After the 1st wave, only darkness remains. After the 2nd, only the lucky escape. And after the 3rd, only the unlucky survive. After the 4th wave, only one rule applies: trust no one. Now, it’s the dawn of the 5th wave, and on a lonely stretch of highway, Cassie runs from Them. The beings who only look human, who roam the countryside killing anyone they see. Who have scattered Earth’s last survivors. To stay alone is to stay alive, Cassie believes, until she meets Evan Walker. Beguiling and mysterious, Evan Walker may be Cassie’s only hope for rescuing her brother—or even saving herself. But Cassie must choose: between trust and despair, between defiance and surrender, between life and death. To give up or to get up. I had high hopes for this one -- I was really enjoying the beginning, but somewhere between halfway and 75% through, it just.. I dunno, lost it for me. I kept picking it up and putting it down immediately or procrastinating on reading it at all, and so I finally called it quits. I just kept expecting something major to happen and it never did. Does this mean someone else wouldn’t enjoy it? No, of course not! But it wasn’t for me. I see it’s going to be a movie -- hopefully it’ll be better as a movie than as a book for me!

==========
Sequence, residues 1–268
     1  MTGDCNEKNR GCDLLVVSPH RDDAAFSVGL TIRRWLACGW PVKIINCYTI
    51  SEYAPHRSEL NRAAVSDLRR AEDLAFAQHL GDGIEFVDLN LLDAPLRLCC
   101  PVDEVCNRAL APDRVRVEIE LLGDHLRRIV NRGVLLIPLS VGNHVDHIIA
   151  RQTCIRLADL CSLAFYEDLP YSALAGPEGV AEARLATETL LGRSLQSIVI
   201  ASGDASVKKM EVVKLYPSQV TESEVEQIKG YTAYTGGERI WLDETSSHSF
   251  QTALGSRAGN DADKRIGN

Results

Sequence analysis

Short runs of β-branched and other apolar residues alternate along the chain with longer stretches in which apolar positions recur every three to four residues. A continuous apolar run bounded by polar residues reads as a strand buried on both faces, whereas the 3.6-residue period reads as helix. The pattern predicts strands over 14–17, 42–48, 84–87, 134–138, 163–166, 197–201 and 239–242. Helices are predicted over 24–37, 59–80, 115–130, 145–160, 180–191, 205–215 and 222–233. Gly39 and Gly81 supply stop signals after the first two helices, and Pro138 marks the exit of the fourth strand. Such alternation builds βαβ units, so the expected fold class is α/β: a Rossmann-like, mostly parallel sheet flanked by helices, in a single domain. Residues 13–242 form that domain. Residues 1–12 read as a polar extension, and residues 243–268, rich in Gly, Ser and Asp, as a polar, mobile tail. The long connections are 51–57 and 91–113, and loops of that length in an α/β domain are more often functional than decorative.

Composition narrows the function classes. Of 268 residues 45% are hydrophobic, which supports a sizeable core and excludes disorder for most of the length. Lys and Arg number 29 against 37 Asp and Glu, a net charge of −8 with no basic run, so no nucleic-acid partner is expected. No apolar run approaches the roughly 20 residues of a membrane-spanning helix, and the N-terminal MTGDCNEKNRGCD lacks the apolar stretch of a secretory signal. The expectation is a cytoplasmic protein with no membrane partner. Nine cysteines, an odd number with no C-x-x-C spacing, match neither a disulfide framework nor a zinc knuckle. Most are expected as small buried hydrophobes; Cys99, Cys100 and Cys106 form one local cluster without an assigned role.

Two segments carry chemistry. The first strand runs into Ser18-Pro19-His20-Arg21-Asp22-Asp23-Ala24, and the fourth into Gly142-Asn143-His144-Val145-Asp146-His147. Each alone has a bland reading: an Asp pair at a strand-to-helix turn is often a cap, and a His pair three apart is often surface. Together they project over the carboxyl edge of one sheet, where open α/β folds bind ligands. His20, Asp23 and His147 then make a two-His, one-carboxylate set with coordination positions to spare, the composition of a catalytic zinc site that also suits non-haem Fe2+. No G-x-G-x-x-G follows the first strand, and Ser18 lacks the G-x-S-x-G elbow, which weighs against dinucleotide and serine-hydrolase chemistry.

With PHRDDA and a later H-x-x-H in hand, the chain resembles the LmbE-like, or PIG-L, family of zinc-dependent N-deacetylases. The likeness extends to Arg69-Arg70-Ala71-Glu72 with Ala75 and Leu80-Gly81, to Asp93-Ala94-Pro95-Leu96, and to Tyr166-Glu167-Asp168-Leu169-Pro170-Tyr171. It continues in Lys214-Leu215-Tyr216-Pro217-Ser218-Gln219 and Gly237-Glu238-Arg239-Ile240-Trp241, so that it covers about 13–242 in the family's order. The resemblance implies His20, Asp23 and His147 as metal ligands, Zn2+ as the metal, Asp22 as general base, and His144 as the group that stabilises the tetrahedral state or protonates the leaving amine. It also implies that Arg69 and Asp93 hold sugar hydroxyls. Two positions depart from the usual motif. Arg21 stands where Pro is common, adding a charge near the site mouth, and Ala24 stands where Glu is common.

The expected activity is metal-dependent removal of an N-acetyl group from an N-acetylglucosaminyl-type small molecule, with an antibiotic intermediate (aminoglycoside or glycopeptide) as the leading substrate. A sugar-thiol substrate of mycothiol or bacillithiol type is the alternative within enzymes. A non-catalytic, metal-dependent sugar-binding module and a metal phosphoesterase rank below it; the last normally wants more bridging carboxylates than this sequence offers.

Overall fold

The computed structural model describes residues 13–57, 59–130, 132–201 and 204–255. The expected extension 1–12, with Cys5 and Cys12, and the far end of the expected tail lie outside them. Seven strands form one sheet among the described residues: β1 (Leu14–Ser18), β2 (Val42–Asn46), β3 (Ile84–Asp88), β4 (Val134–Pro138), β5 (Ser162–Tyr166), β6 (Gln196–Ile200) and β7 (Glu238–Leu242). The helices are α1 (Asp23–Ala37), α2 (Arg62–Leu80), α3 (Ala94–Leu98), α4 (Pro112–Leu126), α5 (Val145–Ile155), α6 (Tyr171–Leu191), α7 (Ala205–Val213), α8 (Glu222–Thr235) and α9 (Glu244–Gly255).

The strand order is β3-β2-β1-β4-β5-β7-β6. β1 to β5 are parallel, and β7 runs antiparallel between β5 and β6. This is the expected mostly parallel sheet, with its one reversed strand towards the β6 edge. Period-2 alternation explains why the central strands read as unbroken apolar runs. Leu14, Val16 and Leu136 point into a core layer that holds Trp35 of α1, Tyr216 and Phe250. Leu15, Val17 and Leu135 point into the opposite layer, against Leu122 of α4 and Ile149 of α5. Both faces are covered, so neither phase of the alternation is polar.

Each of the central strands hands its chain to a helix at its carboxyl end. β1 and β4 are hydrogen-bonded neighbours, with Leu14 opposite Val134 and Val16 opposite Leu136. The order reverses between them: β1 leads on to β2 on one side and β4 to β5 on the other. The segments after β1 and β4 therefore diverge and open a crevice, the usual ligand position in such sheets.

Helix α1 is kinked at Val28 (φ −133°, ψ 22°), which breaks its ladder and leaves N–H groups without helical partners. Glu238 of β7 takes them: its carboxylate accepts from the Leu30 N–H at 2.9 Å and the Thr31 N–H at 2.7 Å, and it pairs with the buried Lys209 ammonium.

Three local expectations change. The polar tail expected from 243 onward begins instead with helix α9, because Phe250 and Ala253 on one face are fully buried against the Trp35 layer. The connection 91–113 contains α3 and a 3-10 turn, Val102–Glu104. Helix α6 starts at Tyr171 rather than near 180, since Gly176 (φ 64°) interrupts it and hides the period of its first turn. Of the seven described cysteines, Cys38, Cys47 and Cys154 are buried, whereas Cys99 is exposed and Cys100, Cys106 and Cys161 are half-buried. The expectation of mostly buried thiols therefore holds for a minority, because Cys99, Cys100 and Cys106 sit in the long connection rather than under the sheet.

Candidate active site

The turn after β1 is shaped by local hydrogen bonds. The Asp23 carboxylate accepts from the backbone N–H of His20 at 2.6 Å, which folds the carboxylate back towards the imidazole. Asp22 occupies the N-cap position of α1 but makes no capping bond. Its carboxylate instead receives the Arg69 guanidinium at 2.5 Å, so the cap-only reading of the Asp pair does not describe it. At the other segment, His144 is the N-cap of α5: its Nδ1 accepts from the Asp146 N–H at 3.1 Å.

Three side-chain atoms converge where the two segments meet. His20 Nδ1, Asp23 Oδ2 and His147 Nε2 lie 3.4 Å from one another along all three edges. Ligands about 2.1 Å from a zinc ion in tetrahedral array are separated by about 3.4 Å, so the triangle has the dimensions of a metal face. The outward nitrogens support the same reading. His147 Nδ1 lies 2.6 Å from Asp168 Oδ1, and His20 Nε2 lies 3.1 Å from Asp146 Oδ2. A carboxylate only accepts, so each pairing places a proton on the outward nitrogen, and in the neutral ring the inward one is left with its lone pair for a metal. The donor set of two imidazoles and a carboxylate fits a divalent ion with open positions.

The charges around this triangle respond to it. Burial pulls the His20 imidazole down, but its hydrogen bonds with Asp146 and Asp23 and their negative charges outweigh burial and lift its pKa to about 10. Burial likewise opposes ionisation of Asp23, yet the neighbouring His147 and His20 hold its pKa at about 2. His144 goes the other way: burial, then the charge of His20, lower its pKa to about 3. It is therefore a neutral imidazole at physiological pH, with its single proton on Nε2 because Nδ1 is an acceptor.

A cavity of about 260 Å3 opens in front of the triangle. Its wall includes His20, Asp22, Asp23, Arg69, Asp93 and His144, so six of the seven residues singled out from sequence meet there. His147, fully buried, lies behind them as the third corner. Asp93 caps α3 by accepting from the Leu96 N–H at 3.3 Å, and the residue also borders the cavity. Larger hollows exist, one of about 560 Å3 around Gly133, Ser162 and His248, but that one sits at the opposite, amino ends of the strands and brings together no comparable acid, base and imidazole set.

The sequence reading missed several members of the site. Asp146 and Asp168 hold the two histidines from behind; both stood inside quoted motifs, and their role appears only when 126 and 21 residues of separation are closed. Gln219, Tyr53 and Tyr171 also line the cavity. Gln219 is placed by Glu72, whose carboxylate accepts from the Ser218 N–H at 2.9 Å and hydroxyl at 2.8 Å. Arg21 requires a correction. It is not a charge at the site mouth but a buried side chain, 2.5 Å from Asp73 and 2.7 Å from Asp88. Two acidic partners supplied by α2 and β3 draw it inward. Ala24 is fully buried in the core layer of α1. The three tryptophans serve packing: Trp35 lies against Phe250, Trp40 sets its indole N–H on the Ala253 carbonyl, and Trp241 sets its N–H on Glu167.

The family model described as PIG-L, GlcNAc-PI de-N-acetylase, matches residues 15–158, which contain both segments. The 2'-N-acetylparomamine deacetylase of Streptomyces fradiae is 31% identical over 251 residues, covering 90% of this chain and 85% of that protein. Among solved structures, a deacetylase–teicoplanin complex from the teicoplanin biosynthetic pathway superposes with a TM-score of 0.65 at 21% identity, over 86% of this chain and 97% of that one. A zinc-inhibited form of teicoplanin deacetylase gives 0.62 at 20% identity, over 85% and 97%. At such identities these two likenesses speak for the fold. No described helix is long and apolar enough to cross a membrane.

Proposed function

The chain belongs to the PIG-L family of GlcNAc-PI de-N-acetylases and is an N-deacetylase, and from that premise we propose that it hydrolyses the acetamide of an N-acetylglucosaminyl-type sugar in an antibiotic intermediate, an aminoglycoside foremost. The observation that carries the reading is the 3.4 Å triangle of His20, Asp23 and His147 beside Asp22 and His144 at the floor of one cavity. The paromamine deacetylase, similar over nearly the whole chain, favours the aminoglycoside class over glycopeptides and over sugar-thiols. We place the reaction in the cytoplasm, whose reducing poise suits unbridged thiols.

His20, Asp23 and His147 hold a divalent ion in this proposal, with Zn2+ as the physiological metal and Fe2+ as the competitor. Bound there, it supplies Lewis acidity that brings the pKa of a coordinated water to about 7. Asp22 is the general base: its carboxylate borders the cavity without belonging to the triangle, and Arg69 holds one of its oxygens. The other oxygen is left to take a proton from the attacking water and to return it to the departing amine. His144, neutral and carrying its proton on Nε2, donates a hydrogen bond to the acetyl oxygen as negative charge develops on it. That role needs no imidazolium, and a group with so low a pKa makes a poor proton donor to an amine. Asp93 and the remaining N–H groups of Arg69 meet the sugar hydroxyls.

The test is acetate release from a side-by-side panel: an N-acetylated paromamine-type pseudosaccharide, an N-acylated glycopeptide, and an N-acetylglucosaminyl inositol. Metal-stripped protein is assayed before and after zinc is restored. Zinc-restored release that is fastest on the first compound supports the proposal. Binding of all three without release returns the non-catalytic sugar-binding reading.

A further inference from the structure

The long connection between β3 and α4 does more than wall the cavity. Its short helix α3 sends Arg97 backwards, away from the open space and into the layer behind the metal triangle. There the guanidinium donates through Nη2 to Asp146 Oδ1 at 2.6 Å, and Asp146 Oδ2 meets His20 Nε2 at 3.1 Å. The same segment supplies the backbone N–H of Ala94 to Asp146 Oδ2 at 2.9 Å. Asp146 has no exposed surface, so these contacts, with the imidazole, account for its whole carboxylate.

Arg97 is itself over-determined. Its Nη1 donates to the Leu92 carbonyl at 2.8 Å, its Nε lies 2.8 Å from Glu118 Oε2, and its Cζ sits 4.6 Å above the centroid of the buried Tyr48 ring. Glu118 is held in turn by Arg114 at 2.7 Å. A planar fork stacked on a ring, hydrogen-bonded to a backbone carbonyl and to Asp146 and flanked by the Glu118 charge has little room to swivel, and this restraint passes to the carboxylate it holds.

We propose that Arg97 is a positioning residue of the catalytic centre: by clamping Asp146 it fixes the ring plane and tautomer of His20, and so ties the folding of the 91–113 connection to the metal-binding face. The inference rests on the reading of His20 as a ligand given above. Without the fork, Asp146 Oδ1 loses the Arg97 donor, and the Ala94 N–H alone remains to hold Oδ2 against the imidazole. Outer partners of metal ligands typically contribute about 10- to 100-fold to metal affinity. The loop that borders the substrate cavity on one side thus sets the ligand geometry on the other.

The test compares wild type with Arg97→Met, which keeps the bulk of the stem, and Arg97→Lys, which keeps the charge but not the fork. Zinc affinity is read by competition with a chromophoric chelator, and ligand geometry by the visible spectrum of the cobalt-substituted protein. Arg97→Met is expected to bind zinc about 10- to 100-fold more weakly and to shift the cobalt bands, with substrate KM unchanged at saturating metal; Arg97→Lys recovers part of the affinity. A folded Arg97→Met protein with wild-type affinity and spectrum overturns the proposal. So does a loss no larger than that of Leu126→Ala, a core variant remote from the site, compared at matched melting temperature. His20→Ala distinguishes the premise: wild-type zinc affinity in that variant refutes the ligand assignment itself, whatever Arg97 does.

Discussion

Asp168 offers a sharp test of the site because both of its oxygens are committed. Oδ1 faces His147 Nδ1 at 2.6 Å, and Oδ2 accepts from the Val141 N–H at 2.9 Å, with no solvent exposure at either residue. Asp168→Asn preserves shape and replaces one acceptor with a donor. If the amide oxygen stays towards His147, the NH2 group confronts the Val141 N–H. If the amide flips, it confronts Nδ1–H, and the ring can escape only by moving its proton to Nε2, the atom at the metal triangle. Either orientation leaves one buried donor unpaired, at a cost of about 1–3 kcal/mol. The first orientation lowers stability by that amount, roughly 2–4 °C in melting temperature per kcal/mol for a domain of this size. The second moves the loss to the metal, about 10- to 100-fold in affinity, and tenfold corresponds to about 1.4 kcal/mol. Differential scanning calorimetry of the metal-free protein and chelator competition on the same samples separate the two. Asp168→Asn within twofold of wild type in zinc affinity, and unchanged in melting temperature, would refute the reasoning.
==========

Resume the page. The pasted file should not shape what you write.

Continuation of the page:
This is the way the world ends. Again. Three terrible things happen in a single day. Essun, a woman living an ordinary life in a small town, comes home to find that her husband has brutally murdered their son and kidnapped their daughter. Meanwhile, mighty Sanze -- the world-spanning empire whose innovations have been civilization's bedrock for a thousand years -- collapses as most of its citizens are murdered to serve a madman's vengeance. And worst of all, across the heart of the vast continent known as the Stillness, a great red rift has been torn into the heart of the earth, spewing ash enough to darken the sky for years. Or centuries. This book had some really interesting ‘clicks’ in it where I realized very interesting things. The parallel story structure definitely allowed some neat twists. And I loved the way it was told -- it was everything I could do not to start reading it aloud to my husband.